By Jayantha Dhanapala* | IDN-InDepth NewsViewpoint
KANDY, Sri Lanka (IDN) – Even cynics must admit that the time comes in international relations when long frozen situations suddenly thaw causing positive change for international peace and security. Examples of such “game-changers” are many but outstanding are (in chronological order): U.S. President Richard Nixon’s 1972 visit to China; the 1978 Camp David Agreement on the Middle East; the fall of the Berlin Wall in 1989 signifying the end of the Cold War; and President Willelm de Klerk’s release of Nelson Mandela in 1990 leading to the final dismantlement of apartheid in South Africa in 1994.
We have been fortunate to witness two of such dramatic events in quick succession in 2013. There was, in September, the agreement on Syria’s chemical weapons and although the Syrian civil war continues its bloody course the worst is seemingly over and we are headed towards the Geneva II Conference announced for the end of January 2014.
And now we have the November 24, 2013 interim agreement on a Joint Action Plan for six months between the P5+1 (the 5 permanent members of the UN Security Council plus Germany facilitated by the European Union) and Iran achieving a peaceful resolution of the problem of Iran’s nuclear programme which for about a decade caused acute tensions threatening to erupt into war.
The world is a better and safer place as a result of all these events.
The Joint Statement issued by the EU High Representative and the Iranian Foreign Minister states:
“After intensive negotiations, we reached agreement today on a joint plan of action which sets out an approach towards reaching a long-term comprehensive solution. We agreed that the process leading to this comprehensive solution would include a first-step on initial reciprocal measures to be taken for both sides for duration of six months. We also share a strong commitment to negotiate a final, comprehensive solution.”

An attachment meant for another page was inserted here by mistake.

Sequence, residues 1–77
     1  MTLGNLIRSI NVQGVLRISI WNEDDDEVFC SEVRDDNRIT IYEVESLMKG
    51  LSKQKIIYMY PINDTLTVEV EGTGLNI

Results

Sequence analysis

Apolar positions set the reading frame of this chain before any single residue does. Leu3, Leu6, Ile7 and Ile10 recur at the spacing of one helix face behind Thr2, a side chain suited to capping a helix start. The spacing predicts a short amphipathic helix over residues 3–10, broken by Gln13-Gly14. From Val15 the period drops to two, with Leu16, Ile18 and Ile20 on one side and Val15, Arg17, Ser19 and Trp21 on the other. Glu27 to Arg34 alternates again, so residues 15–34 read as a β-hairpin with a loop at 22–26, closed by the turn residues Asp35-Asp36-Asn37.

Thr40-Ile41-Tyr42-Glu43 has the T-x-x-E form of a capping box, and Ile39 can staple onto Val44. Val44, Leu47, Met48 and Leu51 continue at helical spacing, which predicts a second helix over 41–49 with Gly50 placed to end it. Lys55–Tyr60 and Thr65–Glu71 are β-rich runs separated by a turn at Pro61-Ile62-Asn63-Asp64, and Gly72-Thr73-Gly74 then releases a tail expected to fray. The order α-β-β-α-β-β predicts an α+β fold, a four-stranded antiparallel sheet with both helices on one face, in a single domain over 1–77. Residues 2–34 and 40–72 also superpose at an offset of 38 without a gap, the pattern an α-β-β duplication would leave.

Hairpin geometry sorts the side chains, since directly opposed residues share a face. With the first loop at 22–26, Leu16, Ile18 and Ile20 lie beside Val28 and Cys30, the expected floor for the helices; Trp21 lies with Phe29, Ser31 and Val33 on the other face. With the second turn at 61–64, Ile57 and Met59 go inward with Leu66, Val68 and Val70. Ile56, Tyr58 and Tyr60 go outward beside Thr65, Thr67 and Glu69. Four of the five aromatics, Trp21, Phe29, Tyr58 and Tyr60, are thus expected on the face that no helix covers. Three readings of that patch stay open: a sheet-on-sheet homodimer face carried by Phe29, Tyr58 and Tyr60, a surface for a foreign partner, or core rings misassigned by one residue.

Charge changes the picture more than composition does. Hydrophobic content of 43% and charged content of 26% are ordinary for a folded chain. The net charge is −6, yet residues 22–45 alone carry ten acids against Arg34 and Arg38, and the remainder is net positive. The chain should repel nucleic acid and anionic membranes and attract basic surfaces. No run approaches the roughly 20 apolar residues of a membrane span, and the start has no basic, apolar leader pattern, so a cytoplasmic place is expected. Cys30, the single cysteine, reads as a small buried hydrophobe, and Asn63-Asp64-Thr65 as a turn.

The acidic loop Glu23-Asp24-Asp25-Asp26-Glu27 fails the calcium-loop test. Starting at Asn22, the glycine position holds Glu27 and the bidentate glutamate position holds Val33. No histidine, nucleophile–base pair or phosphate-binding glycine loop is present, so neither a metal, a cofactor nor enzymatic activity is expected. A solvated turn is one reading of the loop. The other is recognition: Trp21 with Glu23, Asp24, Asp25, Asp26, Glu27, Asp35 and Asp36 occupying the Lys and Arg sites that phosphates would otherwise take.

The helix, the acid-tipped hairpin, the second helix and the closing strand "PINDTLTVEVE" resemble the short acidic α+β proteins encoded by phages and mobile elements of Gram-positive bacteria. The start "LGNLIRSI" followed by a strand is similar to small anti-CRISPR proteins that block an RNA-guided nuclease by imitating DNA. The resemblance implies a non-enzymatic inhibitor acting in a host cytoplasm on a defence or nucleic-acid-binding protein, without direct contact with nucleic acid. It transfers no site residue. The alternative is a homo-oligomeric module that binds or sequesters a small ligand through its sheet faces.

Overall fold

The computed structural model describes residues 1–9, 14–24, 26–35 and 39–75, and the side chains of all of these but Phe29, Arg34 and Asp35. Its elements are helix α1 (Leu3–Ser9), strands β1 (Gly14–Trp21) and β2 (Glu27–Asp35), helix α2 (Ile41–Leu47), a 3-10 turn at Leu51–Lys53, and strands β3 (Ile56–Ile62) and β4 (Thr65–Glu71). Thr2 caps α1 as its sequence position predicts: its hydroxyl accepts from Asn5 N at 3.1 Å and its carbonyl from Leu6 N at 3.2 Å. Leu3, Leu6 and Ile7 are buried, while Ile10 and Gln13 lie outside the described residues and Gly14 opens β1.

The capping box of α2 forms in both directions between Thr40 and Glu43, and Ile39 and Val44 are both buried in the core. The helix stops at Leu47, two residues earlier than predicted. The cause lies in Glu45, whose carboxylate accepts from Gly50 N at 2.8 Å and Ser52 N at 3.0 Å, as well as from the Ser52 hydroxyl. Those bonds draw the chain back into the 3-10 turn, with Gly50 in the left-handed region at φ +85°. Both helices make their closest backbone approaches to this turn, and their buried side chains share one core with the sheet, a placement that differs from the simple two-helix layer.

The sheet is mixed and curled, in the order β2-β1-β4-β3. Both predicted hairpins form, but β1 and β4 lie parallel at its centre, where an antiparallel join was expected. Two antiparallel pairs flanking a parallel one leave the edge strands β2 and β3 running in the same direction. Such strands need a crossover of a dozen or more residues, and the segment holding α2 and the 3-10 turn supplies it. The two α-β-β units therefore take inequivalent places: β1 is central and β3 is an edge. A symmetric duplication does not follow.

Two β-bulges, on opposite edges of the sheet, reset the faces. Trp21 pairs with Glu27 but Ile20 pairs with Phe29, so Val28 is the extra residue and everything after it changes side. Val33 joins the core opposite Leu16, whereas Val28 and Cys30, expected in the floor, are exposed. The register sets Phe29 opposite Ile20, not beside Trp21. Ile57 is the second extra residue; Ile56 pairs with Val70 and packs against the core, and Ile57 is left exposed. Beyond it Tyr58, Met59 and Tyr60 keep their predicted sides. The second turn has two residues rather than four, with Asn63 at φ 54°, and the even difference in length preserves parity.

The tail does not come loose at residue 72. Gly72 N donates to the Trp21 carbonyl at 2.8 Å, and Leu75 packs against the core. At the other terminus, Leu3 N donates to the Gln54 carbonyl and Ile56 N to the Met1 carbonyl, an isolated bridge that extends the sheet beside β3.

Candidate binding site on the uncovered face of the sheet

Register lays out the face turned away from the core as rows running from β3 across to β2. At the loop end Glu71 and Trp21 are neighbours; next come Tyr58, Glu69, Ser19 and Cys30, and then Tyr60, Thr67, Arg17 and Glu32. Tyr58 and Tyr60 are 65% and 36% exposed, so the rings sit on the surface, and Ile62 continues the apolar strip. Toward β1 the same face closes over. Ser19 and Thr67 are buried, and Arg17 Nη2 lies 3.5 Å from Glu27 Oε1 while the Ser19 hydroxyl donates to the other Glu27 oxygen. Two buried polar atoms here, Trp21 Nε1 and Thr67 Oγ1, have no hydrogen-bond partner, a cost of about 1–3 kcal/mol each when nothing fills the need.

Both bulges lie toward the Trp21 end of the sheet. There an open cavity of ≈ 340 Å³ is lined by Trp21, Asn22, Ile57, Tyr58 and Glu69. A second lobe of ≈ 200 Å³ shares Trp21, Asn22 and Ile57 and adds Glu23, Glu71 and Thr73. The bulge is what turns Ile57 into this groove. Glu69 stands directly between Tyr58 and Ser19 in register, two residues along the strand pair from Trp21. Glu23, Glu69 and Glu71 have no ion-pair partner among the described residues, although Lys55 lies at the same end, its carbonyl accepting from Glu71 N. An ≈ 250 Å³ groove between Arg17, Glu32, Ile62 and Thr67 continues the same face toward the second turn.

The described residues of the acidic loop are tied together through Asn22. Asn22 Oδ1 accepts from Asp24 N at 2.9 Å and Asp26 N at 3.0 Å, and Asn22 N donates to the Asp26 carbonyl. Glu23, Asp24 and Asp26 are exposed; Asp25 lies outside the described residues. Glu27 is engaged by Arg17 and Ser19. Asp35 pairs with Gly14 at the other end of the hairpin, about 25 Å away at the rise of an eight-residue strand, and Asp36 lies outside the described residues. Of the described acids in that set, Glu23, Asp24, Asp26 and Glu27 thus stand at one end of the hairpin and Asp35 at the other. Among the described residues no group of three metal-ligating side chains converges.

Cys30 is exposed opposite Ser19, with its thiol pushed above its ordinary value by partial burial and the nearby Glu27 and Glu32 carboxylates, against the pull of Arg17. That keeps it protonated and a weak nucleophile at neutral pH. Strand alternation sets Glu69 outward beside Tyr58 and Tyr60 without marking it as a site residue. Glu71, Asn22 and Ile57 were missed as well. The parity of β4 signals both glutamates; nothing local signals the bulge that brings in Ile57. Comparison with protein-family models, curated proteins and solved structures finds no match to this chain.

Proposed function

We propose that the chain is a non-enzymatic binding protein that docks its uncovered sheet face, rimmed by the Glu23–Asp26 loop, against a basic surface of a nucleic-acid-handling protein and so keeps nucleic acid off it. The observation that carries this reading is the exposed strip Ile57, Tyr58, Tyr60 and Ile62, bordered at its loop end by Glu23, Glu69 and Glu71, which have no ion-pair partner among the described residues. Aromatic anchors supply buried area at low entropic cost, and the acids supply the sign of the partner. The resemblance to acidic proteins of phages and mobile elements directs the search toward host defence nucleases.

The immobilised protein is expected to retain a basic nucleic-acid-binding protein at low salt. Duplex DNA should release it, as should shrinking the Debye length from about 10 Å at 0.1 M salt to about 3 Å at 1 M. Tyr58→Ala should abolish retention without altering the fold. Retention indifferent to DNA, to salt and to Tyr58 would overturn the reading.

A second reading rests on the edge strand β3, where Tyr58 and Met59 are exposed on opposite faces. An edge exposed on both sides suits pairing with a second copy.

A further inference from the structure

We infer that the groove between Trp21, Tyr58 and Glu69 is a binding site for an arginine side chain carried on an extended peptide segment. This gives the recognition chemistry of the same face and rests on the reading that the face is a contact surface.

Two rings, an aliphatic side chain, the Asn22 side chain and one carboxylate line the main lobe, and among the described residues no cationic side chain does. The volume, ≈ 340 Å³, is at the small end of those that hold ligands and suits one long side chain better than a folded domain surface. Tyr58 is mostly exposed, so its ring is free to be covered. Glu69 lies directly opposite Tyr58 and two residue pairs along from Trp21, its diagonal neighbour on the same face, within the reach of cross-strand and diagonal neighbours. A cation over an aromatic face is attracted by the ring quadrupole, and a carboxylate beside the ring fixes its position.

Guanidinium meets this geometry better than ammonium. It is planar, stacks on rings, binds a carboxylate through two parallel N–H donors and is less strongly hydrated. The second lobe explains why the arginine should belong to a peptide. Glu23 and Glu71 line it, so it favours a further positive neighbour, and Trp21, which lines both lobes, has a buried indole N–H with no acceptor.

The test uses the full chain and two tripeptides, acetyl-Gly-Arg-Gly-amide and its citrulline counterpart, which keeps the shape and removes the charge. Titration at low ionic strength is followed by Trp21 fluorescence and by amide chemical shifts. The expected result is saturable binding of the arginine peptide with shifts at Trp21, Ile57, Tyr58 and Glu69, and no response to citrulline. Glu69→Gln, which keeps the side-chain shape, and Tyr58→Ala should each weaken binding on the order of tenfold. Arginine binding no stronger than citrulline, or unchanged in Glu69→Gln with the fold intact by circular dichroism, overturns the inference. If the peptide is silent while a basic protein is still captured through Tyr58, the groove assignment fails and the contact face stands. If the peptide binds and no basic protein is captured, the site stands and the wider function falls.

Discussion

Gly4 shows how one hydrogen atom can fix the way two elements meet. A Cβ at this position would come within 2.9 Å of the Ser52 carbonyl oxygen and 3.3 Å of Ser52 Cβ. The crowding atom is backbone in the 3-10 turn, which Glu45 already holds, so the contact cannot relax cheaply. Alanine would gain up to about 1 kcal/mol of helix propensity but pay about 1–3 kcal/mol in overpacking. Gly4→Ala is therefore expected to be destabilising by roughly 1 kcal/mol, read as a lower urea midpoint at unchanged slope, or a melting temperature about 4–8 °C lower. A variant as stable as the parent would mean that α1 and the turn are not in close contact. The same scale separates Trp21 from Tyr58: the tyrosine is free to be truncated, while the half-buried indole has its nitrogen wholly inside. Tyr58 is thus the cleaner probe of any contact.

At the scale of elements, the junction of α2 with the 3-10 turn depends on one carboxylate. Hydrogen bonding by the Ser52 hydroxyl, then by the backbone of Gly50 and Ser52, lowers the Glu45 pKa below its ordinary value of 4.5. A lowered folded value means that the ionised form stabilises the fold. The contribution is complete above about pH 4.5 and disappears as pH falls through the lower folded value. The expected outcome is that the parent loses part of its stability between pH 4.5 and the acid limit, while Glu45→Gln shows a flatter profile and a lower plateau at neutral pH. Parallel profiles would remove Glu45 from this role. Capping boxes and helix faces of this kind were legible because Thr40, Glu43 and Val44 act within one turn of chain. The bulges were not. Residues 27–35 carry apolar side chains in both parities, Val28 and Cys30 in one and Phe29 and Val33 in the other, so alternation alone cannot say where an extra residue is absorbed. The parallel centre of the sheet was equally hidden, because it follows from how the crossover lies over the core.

The deal, spelt out in four pages, calls for Iran to halt most but not all of its uranium enrichment efforts; downgrades its stockpile of uranium enriched to 20% through conversion and blending; open its facilities to daily monitoring by international inspectors; freezes the construction of the heavy water Arak reactor pending arrangements for it to be placed under IAEA safeguards; and provides immediate relief for Iran from current sanctions amounting to an estimated $ 7 billion, with more to follow and no more sanctions in future.
It was the election of the moderate cleric Hassan Rouhani as Iran’s President in June 2013 that changed the atmosphere. Rouhani visited New York for the UN General Assembly assuring the world of Iran’s peaceful intentions. His telephone call with Obama promised positive results. It is now revealed that the outline of an agreement and a road map had been discussed secretly over a long period of time.
Amidst the numerous claims for credit in negotiating the breakthrough there is the unsubstantiated report that the Sultan of Oman was a key broker since secret talks were conducted in Muscat by a team of US diplomats led by Deputy Secretary of State William Burns. Significantly these contacts began during the Ahmadinejad Presidency in Iran but accelerated after Rouhani’s election.
For Iran, the Supreme Leader Ayatollah Ali Khamenei prepared the ground by telling a carefully chosen audience of Iranian hawkish elements that a red line for Iran was the right to enrich uranium for peaceful uses of nuclear energy. It was a matter of national pride. Iran had already enriched large quantities of uranium in pursuance of its right to do so. In point of fact no such right is explicitly stated in the Nuclear Non-proliferation Treaty (NPT) which Iran has signed and ratified. At the same time the enrichment of uranium is also not specifically prohibited by the NPT.
It is important to clarify here that plutonium and highly enriched uranium (HEU) are the two indispensable raw materials necessary for the manufacture of nuclear weapons. The active materials are HEU (uranium with a high percentage of U-235) or plutonium (Pu-239), explosively assembled into a chain-reacting critical mass. Uranium in its raw state is unsuitable for such manufacture. For the peaceful uses of nuclear energy, uranium enriched to five percent or three and a half percent is used for power reactors; 20 percent for research reactors; and 80 or 90 percent for a bomb.
The telling point